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length of V ∨∨ /V is one and such that the support of V ∨∨ /V is a generic point of X; (3) For all p′ ≥ A, the dimension dim ML (w, p′ ) ≤ A′ . ¯ We shall need to make one more assumption on the integer p. Let ϕ : X → X be the contraction morphism associated to M . For each connected component E of the set of exceptional fibers of ϕ, fix a (possibly nonreduced) curve Z on X whose support is exactly E. In practice we shall always take Z to be the fundamental cycle of the singularity, to be defined in Subsection 2.3 below. A slight generalization ([12], Chapter 8) of Donaldson’s theorem on the dimension of the moduli space then shows the following: after possibly modifying the constant A, (4) The generic V ∈ ML (w, p) satisfies: the natural map H 1 (X; ad V ) → H 1 (Z; ad V |Z) is surjective. In other words, the local universal deformation of V is versal when viewed as a deformation of V |Z (keeping the determinant fixed). We now assume that p ≤ A. Let L be an ample line bundle which is not separated from M by any wall of type (w, p) (or equivalently of type (D, c)), and moreover does not lie on any wall of type (w, p). Thus by assumption, none of the points of ML (D, c) corresponds to a strictly semistable sheaf. Let C ⊂ X be a smooth curve of genus g. Suppose that C · D = 2a is even. Choosing a line bundle θ of degree g − 1 − a on C, we can form the determinant line bundle L(C, θ) on the moduli functor associated to torsion free sheaves corresponding to the values w and p ([15], Chapter 5). Using Proposition 1.7 in [23], this line bundle descends to a line bundle on ML (w, p), which we shall continue to denote by L(C, θ). Moreover, by the method of proof of Theorem 2 of [23], the line bundle L(C, θ) depends only on the linear equivalence class of C, in the sense that if C and C ′ are linearly equivalent and θ′ is a line bundle of degree g − 1 − a on C ′ , then L(C, θ) ∼ = L(C ′ , θ′ ). Next we shall use the following result, whose proof is deferred to the next subsection: Lemma 2.1. In the above notation, if k ≫ 0 and C ∈ |kM | is a smooth curve, then, for all N ≫ 0, the linear system associated to L(C, θ)N has no base points and defines a generically finite morphism from ML (w, p) to its image. In particular, if d = dim ML (w, p), then c1 (L(C, θ))d > 0. It follows by applying an easy adaptation of Theorem 6 in [23] or the results of [25] to the case pg (X) = 0 that, since the spaces ML (w, p′ ) have the expected dimension for an appropriate range of p′ ≥ p, c1 (L(C, θ))d is exactly the value k d γw,p (X; C)(M d ). Thus we have proved Theorem 1.4, modulo the proof of Lemma 2.1. This proof will be given below. 2.2. A generalization of a result of Bogomolov We keep the notation of the preceding subsection. Thus M is a nef and big divisor such that the complete linear system |kM | is base point free whenever k ≫ 0. Throughout, we shall further assume that M is divisible by 2 in Pic X. Moreover w and p are now fixed and L is an ample line bundle such that c1 (L) ∈ N is not separated from M by a wall of type (w, p) and moreover that c1 (L) does not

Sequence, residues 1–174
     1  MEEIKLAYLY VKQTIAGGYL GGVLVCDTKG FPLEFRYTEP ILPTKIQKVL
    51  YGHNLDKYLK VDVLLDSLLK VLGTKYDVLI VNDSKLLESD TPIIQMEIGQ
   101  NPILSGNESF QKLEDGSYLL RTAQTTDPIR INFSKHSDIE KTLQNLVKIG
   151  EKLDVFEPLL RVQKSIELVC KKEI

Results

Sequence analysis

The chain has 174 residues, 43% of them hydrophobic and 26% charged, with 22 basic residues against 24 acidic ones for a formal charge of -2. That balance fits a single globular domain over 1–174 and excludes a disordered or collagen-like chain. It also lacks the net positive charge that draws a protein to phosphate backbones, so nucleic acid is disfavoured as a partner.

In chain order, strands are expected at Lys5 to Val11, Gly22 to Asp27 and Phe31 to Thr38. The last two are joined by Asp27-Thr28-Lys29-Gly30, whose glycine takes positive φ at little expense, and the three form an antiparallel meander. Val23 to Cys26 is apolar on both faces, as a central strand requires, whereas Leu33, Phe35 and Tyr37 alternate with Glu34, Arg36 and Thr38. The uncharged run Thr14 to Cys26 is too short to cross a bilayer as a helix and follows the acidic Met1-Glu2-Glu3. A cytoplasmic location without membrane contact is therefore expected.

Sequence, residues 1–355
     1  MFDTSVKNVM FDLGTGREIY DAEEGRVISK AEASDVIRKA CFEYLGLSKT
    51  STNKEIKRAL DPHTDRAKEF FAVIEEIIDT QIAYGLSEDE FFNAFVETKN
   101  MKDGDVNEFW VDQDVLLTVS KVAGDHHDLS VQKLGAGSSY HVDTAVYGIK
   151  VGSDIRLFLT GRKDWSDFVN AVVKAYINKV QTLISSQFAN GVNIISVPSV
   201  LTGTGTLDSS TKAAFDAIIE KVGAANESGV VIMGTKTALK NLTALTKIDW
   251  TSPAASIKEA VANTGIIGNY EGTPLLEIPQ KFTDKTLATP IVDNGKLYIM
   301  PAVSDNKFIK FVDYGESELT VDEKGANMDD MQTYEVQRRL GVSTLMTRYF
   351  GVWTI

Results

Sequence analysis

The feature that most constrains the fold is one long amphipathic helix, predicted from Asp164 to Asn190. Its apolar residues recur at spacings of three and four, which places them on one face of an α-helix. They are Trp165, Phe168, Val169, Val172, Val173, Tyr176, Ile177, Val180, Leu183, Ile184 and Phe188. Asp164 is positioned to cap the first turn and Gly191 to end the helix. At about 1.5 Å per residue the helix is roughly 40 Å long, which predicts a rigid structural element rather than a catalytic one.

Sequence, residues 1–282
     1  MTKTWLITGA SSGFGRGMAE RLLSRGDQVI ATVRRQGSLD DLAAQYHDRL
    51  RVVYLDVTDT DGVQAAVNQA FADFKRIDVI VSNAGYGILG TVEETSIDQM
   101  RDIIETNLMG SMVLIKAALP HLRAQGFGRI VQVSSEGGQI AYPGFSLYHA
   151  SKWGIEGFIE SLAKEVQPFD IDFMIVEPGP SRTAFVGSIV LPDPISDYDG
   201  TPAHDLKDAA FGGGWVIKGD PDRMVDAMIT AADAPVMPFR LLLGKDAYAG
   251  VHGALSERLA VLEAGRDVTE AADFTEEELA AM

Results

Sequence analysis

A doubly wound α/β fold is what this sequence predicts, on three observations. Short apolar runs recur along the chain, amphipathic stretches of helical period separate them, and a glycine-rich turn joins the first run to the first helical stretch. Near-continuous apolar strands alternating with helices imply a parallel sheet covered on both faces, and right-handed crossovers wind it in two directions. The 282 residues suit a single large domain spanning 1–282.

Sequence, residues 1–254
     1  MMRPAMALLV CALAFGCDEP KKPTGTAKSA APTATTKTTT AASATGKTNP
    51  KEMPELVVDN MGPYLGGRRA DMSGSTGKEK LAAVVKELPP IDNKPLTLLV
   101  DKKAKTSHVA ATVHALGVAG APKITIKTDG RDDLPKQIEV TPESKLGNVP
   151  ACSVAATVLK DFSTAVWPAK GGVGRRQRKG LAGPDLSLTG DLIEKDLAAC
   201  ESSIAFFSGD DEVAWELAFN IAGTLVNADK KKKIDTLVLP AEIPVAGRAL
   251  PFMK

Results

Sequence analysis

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lie on a wall of type (w, p). In particular the determinant line bundle L(C, θ) is defined for all smooth C in |kM | for all k ≫ 0. We then have the following generalization of a restriction theorem due to Bogomolov [4]: Lemma 2.2. With the above notation, there exists a constant k0 depending only on w, p, M , and L, such that for all k ≥ k0 and all smooth curves C ∈ |kM |, the following holds: for all c′ ≤ c and V ∈ ML (D, c′ ), either V |C is semistable or there exists a divisor G on X, a zero-dimensional subscheme Z and an exact sequence 0 → OX (G) → V → OX (D − G) ⊗ IZ → 0, where 2G − D defines a wall of type (w, p) containing M and C ∩ Supp Z = 6 ∅. Proof. The proof follows closely the original proof of Bogomolov’s theorem [4] or [15] Section 5.2. Choose k0 ≥ −p and assume also that there exists a smooth curve C in |kM | for all k ≥ k0 . Suppose that V |C is not semistable. Then there exists a surjection V |C → F , where F is a line bundle on C with deg F = f < (D · C)/2. Let W be the kernel of the induced surjection V → F . Thus W is locally free and there is an exact sequence 0 → W → V → F → 0. A calculation gives p1 (ad W ) = p1 (ad V ) + 2D · C + (C)2 − 4f > p + k 2 (M )2 ≥ p + p2 ≥ 0. By Bogomolov’s inequality, W is unstable with respect to every ample line bundle on X. Thus there exists a divisor G0 and an injection OX (G0 ) → W (which we may assume to have torsion free cokernel) such that 2(L · G0 ) > L · (D − C), i.e. L · (2G0 − D + C) > 0. By hypothesis there is an exact sequence 0 → OX (G0 ) → W → OX (−G0 + D − C) ⊗ IZ0 → 0. Thus 0 < p1 (ad W ) = (2G0 − D + C)2 − 4ℓ(Z0 ) ≤ (2G0 − D + C)2 . It follows that (2G0 −D+C)2 > 0. As L·(2G0 −D+C) > 0 and (2G0 −D+C)2 > 0, M · (2G0 − D + C) ≥ 0 as well, i.e. −(M · (2G0 − D)) ≤ k(M )2 . On the other hand, since V is L-stable, L · (2G0 − D) < 0. Since L and M are not separated by any wall of type (w, p), it follows that M · (2G0 − D) ≤ 0. Finally using p1 (ad W ) = (2G0 − D + C)2 − 4ℓ(Z0 ) = p1 (ad V ) + 2D · C + (C)2 − 4f > p + k 2 (M )2 , we obtain (2G0 − D)2 + 2k(2G0 − D) · M > p.